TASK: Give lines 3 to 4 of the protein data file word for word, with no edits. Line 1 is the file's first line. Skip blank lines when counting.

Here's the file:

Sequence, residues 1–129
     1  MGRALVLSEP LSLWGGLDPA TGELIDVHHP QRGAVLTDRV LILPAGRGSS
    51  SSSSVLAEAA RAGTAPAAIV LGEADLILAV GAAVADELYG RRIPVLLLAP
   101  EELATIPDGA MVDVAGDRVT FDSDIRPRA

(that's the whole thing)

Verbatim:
    51  SSSSVLAEAA RAGTAPAAIV LGEADLILAV GAAVADELYG RRIPVLLLAP
   101  EELATIPDGA MVDVAGDRVT FDSDIRPRA